How to: Fish from a kayak and stay dry
Shane Townsend finds the perfect balance between kayaking and fishing and teaches us how to achieve it too.
I SPOTTED THE FLASH from the corner of my eye. Something big was hunting the shallows off the river’s main current and it sent fry in mirrored sprays. I back-paddled to slow my float, aligned my bow and traded paddle for rod. My lure swooped down toward the flitting fish. This was going to be good.
Just then my lure nipped a limb, wrapping three times around another and perched on a third. I swore to myself. The fish fled. Fumbling, I tucked my reel between my knees and paddled toward the overhanging limbs. There, teeter-tottering to free my lure, it hit me:
Fishing and kayaking are the best and the worst of siblings. There’s nothing like it when they work together, but it’s also against their nature. Fishing begs for big strikes, surprises and action—it’s always looking for a fight. Kayaking needs balance, fair warning and no sudden movements.
One demands two hands on the paddle. The other, two on the rod. So, there sits the kayak angler—me–the middle child, plopped down with a four-handed job and a balancing act. Neglect the paddle and swim. Or, overlook the rod and risk a hook piercing and tetanus shot.
But kayak fishing isn’t really so hard, even though my balance isn’t particularly good. I can’t recall having ever accidentally flipped while fishing. Maybe it’s because my dad taught me the two skills separately.
When we started fishing from the canoe, I tossed a few rods into Mississippi’s Pascagoula River, but we stayed dry.
Here is how you can too:
Technical Instruction & Practice:
A basic kayaking class will likely cover paddling, entering and exiting the watercraft, basic water reading skills and safety. You’ll also get time on the water without the distraction of a fishing rod. If you forego the lessons, launch your kayak from a sandbar. Get your bottom in the seat as quickly and gracefully as you can. Use the first few trips to learn the boat, explore the water and scout fishing spots. Only bring fishing gear when you are comfortable in the kayak.
Fishing guides are great sources of information and can be found most anywhere. If you’d rather teach yourself, learn to tie a few knots and see before you buy your gear. Practice fishing from the bank until you’re comfortable casting, landing and releasing fish. Then try the kayak.
Remember the Basics
Maintain a low center of gravity. Keep yourself and your gear tight to the kayak’s centerline. Don’t lean heavily to the sides. Move smoothly. Look ahead for rocks, logs, or fishing spots, so you have time to prepare calmly for whatever lay ahead.
Pack Light, Pack Right
Poor gear selection and packing choices can ruin your day. They’ve ruined a few of mine. Bring what you need and can carry in a comfortable and accessible way. Load your kayak with the heaviest items along the centerline. If the kayak lists, repack.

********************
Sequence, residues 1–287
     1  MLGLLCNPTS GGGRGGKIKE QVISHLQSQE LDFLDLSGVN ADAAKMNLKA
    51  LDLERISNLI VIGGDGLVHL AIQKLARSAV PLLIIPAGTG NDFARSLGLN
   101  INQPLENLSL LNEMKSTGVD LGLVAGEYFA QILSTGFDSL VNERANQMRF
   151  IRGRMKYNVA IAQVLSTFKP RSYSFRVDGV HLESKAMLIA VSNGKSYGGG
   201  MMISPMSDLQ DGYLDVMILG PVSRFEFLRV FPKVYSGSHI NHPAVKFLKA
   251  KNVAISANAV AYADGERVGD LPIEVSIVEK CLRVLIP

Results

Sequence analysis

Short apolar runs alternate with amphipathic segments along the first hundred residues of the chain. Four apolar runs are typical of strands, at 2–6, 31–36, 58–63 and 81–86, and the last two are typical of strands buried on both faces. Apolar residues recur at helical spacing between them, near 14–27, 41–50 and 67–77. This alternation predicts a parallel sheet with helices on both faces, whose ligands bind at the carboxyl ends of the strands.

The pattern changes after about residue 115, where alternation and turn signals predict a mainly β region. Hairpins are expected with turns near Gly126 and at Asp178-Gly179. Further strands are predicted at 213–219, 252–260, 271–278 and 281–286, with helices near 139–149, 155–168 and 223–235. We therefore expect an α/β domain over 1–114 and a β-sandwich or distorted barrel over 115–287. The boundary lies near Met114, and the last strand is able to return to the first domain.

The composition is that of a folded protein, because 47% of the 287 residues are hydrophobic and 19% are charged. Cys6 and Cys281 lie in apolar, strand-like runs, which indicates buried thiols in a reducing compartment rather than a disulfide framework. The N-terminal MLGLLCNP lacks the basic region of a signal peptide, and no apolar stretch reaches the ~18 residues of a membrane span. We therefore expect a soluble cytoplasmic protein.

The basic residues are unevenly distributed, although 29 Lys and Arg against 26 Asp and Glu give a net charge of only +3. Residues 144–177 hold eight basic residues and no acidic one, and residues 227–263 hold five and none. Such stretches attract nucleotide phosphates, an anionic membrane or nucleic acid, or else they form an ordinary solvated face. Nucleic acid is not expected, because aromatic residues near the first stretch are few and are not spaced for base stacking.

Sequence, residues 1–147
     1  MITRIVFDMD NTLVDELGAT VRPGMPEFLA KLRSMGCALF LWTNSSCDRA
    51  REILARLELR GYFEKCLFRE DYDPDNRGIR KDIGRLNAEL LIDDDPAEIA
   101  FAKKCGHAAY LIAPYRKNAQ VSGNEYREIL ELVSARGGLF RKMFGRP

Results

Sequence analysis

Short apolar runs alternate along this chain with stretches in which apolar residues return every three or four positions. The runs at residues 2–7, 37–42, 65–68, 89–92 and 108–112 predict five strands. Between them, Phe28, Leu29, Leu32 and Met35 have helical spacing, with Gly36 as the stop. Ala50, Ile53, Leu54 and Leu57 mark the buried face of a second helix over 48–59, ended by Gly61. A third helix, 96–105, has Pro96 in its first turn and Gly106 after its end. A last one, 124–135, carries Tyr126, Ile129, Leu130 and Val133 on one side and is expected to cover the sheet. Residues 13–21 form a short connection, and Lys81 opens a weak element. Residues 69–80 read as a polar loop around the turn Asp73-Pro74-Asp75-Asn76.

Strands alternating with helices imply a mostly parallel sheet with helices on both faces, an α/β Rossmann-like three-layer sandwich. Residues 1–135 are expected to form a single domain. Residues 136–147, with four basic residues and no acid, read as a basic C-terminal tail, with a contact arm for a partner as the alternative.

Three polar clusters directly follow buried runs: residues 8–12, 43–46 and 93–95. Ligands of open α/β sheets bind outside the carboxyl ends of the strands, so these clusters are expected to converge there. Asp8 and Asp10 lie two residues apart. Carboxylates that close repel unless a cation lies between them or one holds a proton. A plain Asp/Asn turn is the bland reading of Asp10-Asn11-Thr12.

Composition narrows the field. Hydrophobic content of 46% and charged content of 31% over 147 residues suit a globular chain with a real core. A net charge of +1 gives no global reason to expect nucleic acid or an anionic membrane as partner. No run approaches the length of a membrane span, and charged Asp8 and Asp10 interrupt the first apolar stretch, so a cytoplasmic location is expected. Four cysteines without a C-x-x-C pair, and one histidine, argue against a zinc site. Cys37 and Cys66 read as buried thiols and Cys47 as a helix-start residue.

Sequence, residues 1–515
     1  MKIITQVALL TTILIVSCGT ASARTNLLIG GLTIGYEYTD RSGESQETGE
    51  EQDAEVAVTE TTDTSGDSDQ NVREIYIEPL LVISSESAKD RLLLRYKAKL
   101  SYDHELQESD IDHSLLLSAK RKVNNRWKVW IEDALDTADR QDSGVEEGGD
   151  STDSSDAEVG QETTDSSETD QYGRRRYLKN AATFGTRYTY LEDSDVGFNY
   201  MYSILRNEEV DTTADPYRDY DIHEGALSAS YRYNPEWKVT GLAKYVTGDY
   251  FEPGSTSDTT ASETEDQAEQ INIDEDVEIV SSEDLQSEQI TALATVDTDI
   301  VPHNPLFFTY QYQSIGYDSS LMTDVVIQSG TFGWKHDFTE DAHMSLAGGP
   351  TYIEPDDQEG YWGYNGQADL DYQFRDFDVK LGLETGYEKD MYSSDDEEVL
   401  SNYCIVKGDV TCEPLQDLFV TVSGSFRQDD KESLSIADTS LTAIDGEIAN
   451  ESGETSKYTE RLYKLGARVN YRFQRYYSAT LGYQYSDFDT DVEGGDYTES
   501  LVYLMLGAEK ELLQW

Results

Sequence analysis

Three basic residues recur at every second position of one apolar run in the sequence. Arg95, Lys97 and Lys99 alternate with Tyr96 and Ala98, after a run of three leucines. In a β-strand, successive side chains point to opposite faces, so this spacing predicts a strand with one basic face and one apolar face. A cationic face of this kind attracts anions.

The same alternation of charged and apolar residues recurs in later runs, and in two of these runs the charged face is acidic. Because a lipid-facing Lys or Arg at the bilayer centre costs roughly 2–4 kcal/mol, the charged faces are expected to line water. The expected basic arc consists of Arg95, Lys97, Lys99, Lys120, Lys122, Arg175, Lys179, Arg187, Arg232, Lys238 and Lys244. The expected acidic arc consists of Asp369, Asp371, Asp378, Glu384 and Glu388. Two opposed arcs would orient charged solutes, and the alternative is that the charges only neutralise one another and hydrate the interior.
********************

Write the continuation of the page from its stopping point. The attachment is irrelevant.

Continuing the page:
Aim the kayak’s bow at your target for the most stable casting scenario. Cast forward with your elbow tucked along the boat’s centerline. Avoid exaggerated movements. You can cast sideways, but you risk losing accuracy and stability.
Tree Limbs & Tight Lines
I catch a tree limb on every trip. One morning I forgot to pay out the line after hooking a limb. I reached for my paddle. The line tightened and snatched my rod from the boat.
If your hook hangs on something, give out some slack. Otherwise the taut line can set a booby trap. I once saw a tight line send a hook into a guy’s neck after he released his lure from a snag. At the hospital the doctor pushed the hook through the other side, clipped the barb and slid the hook out of his neck. They finished him off with a tetanus shot.
When that big strike comes, instinct screams rare back, bury the hook! Instinct will get you wet. The trick is to give a controlled hook set and play the fish to the boat without breaking the centerline or raising your center of gravity too much. Net the fish without leaning over the boat.
I made two more strokes towards the 100-year-old cypress then laughed at my tree tangle. A Great Blue heron stalked the back of the cove.
Smelled like fish. An easy cast over the bow sent my lure to the base of a cypress knee. Perfect. A congregation of Red Eared Slider turtles watched from their log pew. Then I felt it. Fish on! I kept my cool. I coerced the fish to the kayak with one hand.
With the other, I grabbed the net from my left hip and landed the fish. The reel at my feet, I unclipped the hemostats from my life vest and removed the hook. My camera was tucked at my right hip, making it easy to get a quick photo without distressing the fish. At the water’s surface, I cradled the catch. It regained strength and darted off. I rinsed my hands, checked my lure, looked upstream and picked up the paddle.
In that moment, I knew that I had tempered the two siblings.